Red fox hat

The market smelled wonderful. As cooked meats, fried vegetables, sweet roasted nuts and homemade dumplings and bread wafted into the cooling air. The market fell silent as a trumpet played from the top of the cathedral on the hour. The melody echoed as it cut out halfway through the tune, in honour of a famous 13th Century trumpeter. 

St Mary's Basilica

Buying dumplings on the market

We sit on the tram back out of the city. The wheels rattle like a box of screws. The sound of steel creaking fills the carriage, as the tram meanders through the streets. Every person we have met so far has been extremely helpful, going above and beyond to help direct, translate and guide us around this intriguing City. 

6.1.14 Auschwitz / Oswiecim

The coach currently runs alongside the wide river Wisla, opposite the Wawel Cathedral. Every lamppost is strapped with tattered paper adverts, rings of tape holding them tight. Not a corner of this city sits bare without litter. The left side of my face warmed by the bright winter sun shining through the coach window. 

Birkenau, the largest of the camps at Auschwitz, taken from the top of the tower

Jackdaws welcome visitors to the site

Against the wishes of every Polish man that saw us clutching our map on the way to the bus station, squinting in the morning light, we opted for the challenge to take public transport to Auschwitz over the guided tours on offer. The hour and a half journey by coach had begun, and it was not long before we got to see some of the countryside of Poland. Lots of woodland, hills scattered with the red, brown, blue slate and terracotta roofs of suburban houses. Farmhouses dotted the open farmland. Buildings here begging to be photographed. Chickens sat in the openings of crumbling brick walls, derelict station houses with broken glass windows, and exceptionally designed churches.

"The work will set you free"

I do not know where to start with the concentration and death camps. 1.1 million people died at Auschwitz, made up of several camps. To see and witness the places where the stories of torture, slavery and slaughter took place was incredible. The horrific stories were endless and overwhelming. The remains left are distressing to see, and yet it is still ridiculously difficult, I would say impossible, to imagine what they went through and how it must have felt. I do not feel like it was a life-altering experience. But, there were a few things that really stood out for me. There are lots of stories I could share, but I will only share the few that had the most impact on me. I would definitely recommend visiting, and taking your own thoughts and feelings from the experience.

Some of the electric barbed wire surrounding the camps

The sight of the room full of hair really wrenched at my stomach. The Germans used the hair from the shaven heads of the Jews to make jumpers and knitwear for general use. Their hair harvested from them like wool from sheep, before they went into the chambers to be gassed with cyclone pellets. Nearly two tonnes of hair was recovered when the site was reclaimed at the end of WWII. Real hair, from real people that were killed here. Other rooms are full of their belongings. Separated into piles to be reused and recycled. Piles of shoes. Piles of cases. Piles of spectacles. Piles of clothes. The Jews were told to remember where they put their stuff before they entered the showers where they were gassed. Further lulling them into believing they had arrived at a working camp. Sickening.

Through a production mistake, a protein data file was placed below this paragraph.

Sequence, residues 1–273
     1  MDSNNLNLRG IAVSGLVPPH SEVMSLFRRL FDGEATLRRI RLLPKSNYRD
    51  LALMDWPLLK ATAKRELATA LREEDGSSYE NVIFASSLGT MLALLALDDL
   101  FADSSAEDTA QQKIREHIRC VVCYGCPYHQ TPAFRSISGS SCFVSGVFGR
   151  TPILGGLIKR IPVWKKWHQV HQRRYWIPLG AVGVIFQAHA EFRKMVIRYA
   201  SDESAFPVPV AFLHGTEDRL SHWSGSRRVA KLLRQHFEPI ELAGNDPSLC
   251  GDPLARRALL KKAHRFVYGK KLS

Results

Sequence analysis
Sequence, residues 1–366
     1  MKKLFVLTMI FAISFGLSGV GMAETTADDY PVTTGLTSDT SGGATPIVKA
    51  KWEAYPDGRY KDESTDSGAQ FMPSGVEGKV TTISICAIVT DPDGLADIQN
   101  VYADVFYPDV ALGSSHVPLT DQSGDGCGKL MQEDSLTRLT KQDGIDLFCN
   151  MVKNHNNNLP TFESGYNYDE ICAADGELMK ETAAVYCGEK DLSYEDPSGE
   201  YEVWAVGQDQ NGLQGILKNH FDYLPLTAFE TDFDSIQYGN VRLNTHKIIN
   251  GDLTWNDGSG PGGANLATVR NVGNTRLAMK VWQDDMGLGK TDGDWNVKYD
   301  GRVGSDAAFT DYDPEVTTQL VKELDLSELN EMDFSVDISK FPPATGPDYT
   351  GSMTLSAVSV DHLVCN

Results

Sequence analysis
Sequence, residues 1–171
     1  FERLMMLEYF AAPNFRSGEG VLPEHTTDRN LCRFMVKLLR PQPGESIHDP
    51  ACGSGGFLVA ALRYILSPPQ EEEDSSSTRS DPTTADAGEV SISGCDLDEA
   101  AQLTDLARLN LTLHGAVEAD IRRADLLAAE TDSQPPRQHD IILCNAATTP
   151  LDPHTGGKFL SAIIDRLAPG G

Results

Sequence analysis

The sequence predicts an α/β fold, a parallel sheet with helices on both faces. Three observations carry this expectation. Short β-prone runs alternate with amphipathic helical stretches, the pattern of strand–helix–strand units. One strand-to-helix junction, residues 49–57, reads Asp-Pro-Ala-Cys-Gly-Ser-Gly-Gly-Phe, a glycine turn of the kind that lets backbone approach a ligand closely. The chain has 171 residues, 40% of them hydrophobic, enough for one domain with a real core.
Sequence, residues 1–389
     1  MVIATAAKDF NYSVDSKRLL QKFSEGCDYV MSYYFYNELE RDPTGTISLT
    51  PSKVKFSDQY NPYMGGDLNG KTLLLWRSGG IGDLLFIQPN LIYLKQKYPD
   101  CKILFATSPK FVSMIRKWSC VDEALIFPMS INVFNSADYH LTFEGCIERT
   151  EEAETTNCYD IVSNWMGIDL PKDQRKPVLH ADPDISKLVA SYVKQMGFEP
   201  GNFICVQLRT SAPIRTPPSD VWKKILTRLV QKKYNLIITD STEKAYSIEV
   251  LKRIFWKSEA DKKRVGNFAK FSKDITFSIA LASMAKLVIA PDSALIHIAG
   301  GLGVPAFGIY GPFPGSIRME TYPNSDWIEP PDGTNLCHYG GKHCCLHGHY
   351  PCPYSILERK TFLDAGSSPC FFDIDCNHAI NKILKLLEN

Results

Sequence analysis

The reconstructed first gas chamber at Auschwitz I

They never saw any of their stuff ever again. Strong men were kept as slaves. Often, their first job after being separated from the rest of their family was to carry the dead bodies of the 2,000 just killed to be incinerated. This would often include their sons, daughters, wives, and parents. They would have had to burn their own family.

The 'scratch' marks in the wall of the gas chamber

Some of the corridors were full of pictures of the prisoners and people that were kept and killed at Auschwitz. On and on the photographs go. Portraits of the deceased. Their face, with their age, date of death, and livelihood. Teachers, labourers, plumbers, priests, doctors, farmers. All prisoners. All killed in the camp.

Prisoners' Portraits

The concrete holes for toilets, barely bigger than the size of my hand, were an opportunity for the extremely desperate and suffering. Prisoners at Birkenau weighed as little as 25kg. That is less than a third of my body weight. In an attempt to miss a days work as a slave and prisoner, they would try to climb down into the toilet, where hundreds would have excreted, and spend the day in there. Those found were shot.

Wooden watchtower at Birkenau

Chimney remains of buildings destroyed by Germans when they realised they lost the war, in an attempt to hide the evidence. 

Sunset over Birkenau
 At Birkenau. We walk under the main tower, following the rail line up to the camp and the selection zone. Chimneys still stand, brick red and crumbling, where the buildings were torn down and burned. They in themselves appear like a graveyard. The electrified barbed wire fences line the outskirts. Wooden towers stand where soldiers would have kept watch. It is a vast area of flat land. A place I cannot bare to imagine just how horrific it was to have been prisoner in. 

Part II in the next couple of days. Thank ya'll for reading...